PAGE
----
You can now read 5 articles in a month for free on BostonGlobe.com. Read as much as you want anywhere and anytime for just 99¢.

Ex-media chief is accused of funds theft

Richard Connor was also sued by a Pennsylvania publishing firm.

Richard Connor was also sued by a Pennsylvania publishing firm.

The former chief executive of a media group that publishes the Portland Press Herald in Maine has been accused by his former employer of misusing more than $500,000 of company money.

Richard L. Connor, who led MaineToday Media from 2009 to 2011, gave himself unauthorized raises and charged the company for personal expenses, including vacation home rentals and a new car for his son, according to a memo sent to employees Wednesday by MaineToday’s current publisher, Lisa DeSisto.

Continue reading below

Connor has denied any wrongdoing.

DeSisto said the allegation is the result of “several independent forensic accounting reviews” conducted over a nearly a year. MaineToday Media’s insurer has paid the company $537,988.68, less a $50,000 deductible, under an employee theft insurance policy as reimbursement for money allegedly taken by Connor.

Connor’s alleged theft came at a time when MaineToday Media was struggling financially and came close to filing for bankruptcy protection. To help weather the storm, the company made deep staff cuts.

DeSisto said, “There is the possibility of further legal action on these issues.”

Connor has been accused of misusing company dollars before. After his departure from MaineToday Media, but before the group made its allegations public, Wilkes-Barre Publishing in Pennsylvania sued Connor. It claimed he used company money to pay for more than $250,000 of personal credit card charges while he served as chief executive of the Wilkes-Barre Times Leader between 2006 and 2011.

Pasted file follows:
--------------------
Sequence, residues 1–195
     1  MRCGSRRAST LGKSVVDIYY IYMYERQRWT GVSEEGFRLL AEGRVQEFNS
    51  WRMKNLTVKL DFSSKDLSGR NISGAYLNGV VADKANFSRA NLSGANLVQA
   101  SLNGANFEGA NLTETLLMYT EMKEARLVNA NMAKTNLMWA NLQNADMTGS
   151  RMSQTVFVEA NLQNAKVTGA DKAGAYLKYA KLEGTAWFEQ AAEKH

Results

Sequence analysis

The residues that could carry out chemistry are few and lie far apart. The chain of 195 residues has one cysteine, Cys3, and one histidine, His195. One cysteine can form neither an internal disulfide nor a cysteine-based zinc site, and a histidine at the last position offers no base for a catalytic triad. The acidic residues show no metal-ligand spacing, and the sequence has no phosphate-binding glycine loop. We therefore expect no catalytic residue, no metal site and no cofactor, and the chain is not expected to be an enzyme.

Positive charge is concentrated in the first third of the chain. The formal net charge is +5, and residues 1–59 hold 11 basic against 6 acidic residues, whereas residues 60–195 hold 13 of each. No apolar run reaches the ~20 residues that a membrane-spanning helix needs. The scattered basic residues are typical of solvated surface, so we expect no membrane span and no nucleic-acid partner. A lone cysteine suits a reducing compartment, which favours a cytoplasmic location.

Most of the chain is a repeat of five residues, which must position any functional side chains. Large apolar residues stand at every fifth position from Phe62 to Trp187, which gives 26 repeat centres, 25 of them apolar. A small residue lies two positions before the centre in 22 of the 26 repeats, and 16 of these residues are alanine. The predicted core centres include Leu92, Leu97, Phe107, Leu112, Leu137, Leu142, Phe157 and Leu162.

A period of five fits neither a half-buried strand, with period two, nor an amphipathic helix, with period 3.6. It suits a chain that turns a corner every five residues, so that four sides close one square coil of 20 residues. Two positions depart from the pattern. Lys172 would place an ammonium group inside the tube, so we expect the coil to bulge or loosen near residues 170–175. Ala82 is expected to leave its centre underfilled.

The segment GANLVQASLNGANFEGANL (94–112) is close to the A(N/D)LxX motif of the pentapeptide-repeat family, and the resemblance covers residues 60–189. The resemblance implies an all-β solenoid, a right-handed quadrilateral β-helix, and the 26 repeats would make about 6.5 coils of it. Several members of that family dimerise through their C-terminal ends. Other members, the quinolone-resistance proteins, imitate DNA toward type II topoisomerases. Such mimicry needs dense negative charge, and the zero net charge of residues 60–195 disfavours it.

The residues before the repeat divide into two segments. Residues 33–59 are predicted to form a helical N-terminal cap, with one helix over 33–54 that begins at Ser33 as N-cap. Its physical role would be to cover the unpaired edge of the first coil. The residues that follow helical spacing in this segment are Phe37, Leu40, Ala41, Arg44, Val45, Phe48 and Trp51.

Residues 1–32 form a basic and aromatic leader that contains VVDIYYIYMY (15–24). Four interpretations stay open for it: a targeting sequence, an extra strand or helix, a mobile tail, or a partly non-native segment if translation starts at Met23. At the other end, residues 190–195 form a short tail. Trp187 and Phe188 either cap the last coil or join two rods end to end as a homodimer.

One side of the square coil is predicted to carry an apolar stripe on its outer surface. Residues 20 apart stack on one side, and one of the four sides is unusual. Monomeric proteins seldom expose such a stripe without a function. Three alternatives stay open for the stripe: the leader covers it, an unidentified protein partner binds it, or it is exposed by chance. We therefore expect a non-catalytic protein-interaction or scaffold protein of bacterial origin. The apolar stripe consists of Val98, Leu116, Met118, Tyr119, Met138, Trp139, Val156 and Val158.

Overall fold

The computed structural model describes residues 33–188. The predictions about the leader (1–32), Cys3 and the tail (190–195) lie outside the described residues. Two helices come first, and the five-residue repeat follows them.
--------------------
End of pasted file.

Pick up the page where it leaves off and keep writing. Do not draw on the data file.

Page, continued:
At MaineToday Media, DeSisto said in the memo that, “Mr. Connor was able to conceal his activity for as long as he did partly because company officers charged with financial oversight and reporting were frequently replaced.

“In fact, the former CEO went through four chief financial officers in just over two years,” DeSisto said. “When the former board of directors finally selected and installed its own, trusted CFO it was only a matter of a few months before Mr. Connor’s financial self-dealing was uncovered and he was out as CEO.”

Callum Borchers can be reached at callum.borchers@globe.com. Follow him on Twitter @callumborchers.
Loading comments...
Subscriber Log In

You have reached the limit of 5 free articles in a month

Stay informed with unlimited access to Boston’s trusted news source.

  • High-quality journalism from the region’s largest newsroom
  • Convenient access across all of your devices
  • Today’s Headlines daily newsletter
  • Subscriber-only access to exclusive offers, events, contests, eBooks, and more
  • Less than 25¢ a week
Marketing image of BostonGlobe.com
Marketing image of BostonGlobe.com
Already a subscriber?
Your city. Your stories. Your Globe.
Yours FREE for two weeks.
Enjoy free unlimited access to Globe.com for the next two weeks.
Limited time only - No credit card required!
BostonGlobe.com complimentary digital access has been provided to you, without a subscription, for free starting today and ending in 14 days. After the free trial period, your free BostonGlobe.com digital access will stop immediately unless you sign up for BostonGlobe.com digital subscription. Current print and digital subscribers are not eligible for the free trial.
Thanks & Welcome to Globe.com
You now have unlimited access for the next two weeks.
BostonGlobe.com complimentary digital access has been provided to you, without a subscription, for free starting today and ending in 14 days. After the free trial period, your free BostonGlobe.com digital access will stop immediately unless you sign up for BostonGlobe.com digital subscription. Current print and digital subscribers are not eligible for the free trial.